PSN-L Email List Message

Subject: Re: idea for an axis
From: "Geoff" gmvoeth@...........
Date: Fri, 9 Nov 2007 05:15:10 -0700

You Will see things like 1mm medium
pens and 0.8mm fine I think that may be
the diameter of the ball ??

Why Dont People try using these things in a vacuum ?

With only Magnetic Damping ??

Put the damper above the sensor so the sensor
can get full advantage of the velocity.

How in the world can you use such a thing vertically ?

----- Original Message ----- 
From: "meredith lamb" 
Sent: Thursday, November 08, 2007 9:37 PM
Subject: Re: idea for an axis

> Dr. Peters and all,
> Am only adding some further development thoughts here.  Some ball point pens
> could likely be emptied of their contents; a replacement ball bearing could
> be
> glued in place, and the empty plastic could contain, say; whatever lead shot
> the
> axis ball bearing pivot could handle weight wise.  Of course, one could
> possibly
> retain the original ball bearing perhaps by cutting off the ink well tube
> and glueing.
> Of course the plastic is both the "boom" and the "mass" weight holder in
> one.
> One could "entertain" dual pens also for the vertical sensing approach with
> a
> suitable spring....the dual ball bearing pivot/axis points should make it
> quite stable.
> I suppose its also possible to electrically isolate the contact points of
> the
> axis points, and run wires to a bulb somewhere at the base of one of the
> pens;
> for light sensing variation output.  Of course there is other ways of suing
> light
> sensing without using a bulb in one of the pens.
> Anyway....have tried only one working ball point here.  Its a big size,
> "Gelwriter Rx", I
> got from a Costco store.  It has a screw on head.  Even the pocket clip can
> be easily pulled out of the assembly.  The only magnetic item therein was
> the
> spring.  The clip and the ID ring seem to be stainless.  The hand diameter
> size is noteably larger than the average ball point pens on the U.S. market.
> Some of the plastic is colored to look like metal.
> I tried another ball point....but, its ball bearing didn't appear to be even
> magnetic.
> Quite some time back, Chris Chapman checked out a variety of ball point
> pens, and found the ball bearing diameters can vary.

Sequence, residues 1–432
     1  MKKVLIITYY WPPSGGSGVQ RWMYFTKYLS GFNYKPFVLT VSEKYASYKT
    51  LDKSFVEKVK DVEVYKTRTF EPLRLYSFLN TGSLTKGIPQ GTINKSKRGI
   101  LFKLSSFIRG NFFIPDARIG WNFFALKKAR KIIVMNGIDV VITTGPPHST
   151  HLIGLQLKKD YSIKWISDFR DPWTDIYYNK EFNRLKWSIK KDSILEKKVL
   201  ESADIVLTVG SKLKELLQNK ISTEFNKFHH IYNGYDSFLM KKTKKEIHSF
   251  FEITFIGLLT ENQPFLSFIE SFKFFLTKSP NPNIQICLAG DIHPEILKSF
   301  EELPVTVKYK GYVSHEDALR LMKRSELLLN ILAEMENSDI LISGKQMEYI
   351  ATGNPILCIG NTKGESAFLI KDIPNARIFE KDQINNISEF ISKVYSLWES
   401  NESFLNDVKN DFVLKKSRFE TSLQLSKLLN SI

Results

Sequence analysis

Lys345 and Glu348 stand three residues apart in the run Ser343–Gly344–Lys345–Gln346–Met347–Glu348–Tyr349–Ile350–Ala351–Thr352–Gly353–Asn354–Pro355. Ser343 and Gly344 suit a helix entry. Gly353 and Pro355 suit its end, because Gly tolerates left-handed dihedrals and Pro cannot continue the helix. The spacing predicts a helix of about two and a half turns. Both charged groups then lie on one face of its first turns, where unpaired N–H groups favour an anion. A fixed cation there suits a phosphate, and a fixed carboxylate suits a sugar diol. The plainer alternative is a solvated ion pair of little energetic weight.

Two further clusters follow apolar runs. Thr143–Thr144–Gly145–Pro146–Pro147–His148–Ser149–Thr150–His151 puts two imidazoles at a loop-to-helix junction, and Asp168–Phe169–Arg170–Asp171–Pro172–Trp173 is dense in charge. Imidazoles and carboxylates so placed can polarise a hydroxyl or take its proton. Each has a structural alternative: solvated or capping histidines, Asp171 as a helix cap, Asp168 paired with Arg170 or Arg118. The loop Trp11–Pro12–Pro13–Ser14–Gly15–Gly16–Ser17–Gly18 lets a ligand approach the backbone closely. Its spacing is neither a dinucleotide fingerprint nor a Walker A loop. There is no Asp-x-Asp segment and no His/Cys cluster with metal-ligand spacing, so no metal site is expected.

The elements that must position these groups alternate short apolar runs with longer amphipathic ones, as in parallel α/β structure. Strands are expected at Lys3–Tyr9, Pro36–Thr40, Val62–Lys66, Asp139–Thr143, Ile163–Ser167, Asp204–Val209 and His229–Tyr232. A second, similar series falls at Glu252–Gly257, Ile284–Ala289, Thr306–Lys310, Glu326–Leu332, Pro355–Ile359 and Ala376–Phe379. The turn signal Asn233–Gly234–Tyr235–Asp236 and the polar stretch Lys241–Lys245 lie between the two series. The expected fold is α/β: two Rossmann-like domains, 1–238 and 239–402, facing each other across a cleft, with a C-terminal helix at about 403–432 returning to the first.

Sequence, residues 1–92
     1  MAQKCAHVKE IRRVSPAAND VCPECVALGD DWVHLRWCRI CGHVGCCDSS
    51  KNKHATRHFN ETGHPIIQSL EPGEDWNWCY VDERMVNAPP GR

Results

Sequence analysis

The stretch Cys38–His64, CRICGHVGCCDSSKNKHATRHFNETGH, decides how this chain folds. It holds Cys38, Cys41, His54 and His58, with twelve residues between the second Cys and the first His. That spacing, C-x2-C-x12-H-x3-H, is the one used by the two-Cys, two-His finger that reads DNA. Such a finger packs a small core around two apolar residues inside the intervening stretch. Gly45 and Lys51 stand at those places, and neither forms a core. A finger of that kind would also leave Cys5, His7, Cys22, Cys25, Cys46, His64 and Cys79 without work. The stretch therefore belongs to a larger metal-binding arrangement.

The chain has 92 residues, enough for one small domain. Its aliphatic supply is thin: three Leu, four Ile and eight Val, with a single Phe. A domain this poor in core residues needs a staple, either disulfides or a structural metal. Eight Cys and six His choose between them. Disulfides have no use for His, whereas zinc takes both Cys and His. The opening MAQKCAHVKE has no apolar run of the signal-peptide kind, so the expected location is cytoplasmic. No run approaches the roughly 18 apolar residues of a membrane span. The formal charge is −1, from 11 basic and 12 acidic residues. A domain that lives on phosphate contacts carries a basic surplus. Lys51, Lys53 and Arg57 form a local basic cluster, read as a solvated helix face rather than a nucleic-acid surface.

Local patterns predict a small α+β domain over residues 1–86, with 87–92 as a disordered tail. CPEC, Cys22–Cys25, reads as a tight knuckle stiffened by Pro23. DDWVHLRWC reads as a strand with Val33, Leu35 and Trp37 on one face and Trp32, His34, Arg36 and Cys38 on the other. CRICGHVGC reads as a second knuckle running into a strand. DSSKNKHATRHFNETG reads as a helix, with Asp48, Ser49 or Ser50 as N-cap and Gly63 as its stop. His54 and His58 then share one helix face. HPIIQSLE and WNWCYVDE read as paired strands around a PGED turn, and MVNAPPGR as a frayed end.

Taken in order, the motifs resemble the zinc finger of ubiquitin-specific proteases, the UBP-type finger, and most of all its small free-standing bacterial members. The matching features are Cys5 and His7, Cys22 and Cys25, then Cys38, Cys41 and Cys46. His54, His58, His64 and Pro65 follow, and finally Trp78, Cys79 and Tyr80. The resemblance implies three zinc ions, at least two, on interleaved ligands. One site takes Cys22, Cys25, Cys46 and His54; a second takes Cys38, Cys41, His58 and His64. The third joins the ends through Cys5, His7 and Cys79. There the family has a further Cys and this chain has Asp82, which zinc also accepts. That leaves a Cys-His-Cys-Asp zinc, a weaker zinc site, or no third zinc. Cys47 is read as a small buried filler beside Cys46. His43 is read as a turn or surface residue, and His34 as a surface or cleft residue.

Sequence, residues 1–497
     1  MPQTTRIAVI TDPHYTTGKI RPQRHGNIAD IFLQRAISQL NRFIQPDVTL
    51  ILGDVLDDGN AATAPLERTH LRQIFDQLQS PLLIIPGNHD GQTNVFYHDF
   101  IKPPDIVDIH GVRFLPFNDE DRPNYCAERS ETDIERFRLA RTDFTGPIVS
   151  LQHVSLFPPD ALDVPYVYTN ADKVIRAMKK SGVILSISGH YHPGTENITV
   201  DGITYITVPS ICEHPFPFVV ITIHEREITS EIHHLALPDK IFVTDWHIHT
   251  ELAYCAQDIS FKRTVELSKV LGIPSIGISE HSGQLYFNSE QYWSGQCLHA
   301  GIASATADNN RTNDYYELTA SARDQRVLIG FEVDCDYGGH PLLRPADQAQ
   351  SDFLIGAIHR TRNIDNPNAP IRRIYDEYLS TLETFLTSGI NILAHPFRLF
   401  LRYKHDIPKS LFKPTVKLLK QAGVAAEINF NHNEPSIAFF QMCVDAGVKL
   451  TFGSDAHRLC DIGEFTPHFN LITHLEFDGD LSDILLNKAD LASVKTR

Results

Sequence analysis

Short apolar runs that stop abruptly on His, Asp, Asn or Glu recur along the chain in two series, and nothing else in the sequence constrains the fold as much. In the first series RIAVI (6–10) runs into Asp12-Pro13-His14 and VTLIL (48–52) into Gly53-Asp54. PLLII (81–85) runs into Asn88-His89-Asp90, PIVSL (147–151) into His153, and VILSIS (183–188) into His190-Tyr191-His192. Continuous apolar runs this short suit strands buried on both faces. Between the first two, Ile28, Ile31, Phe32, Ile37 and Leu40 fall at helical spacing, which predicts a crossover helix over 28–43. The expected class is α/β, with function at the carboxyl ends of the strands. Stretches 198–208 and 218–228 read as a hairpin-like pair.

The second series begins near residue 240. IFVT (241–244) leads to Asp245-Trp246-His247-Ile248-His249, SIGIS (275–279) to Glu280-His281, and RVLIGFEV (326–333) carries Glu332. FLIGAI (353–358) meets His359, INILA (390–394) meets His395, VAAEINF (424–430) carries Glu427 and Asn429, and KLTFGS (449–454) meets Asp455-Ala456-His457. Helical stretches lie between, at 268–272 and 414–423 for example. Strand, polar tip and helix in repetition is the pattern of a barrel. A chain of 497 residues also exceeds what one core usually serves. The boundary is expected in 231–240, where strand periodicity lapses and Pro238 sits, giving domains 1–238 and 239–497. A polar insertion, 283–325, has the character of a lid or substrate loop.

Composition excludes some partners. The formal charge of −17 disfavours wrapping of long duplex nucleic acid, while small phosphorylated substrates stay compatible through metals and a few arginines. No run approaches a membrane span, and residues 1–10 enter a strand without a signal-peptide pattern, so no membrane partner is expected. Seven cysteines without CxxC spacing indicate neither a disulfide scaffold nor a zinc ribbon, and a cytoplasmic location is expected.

> Meredith Lamb
> On Nov 8, 2007 9:57 AM, Randall Peters  wrote:
>> Since the VolksMeter uses tungsten carbide to establish the axis
>> (extracted from
>> ball-point pens), I should have thought of the following a long time ago.
>>   A key to reducing rolling friction is to work with hard surfaces.
>>  Another key
>> to reducing friction in general (if possible) is to reduce the normal
>> force.  Both
>> are achievable by hanging a pendulum from a rare earth magnet, using the
>> ferrous
>> property of the tungsten carbide.
>>    In a brief experiment this morning I stuck a 1/2 in cylindrical rare
>> earth
>> magnet to the top of a steel door frame and then hung a ball point pen
>> from the
>> magnet.  Discovered that the tungsten carbide tip of the pen could support
>> about
>> 100 grams of weight.  Of course this arrangement is unsatisfactory for a
>> seismometer because the physical pendulum that results (swinging pen)
>> moves as a
>> spherical pendulum.
>>    To get the required planar motion I took the refills of two pens and
>> glued
>> them together.  The pair of pen points can support about 200 grams of an
>> inertial
>> mass while constrained to motion in a plane.
>>    The quality factor of this oscillator proved to be really high, with
>> the unit
>> swinging in observable free decay for many hundreds of cycles.  It is
>> clear then,
>> that the friction is very small indeed, by (i) taking advantage of the
>> hardness of
>> both the magnet and the small tungsten carbide balls; and (ii) because the
>> field
>> gradient of the magnet provides support for much of the mass of the
>> pendulum, so
>> that the normal force is reduced as compared to most other configurations.
>>     For you folks who have played with various axis types, what do you
>> think
>> about this?
>> Randall

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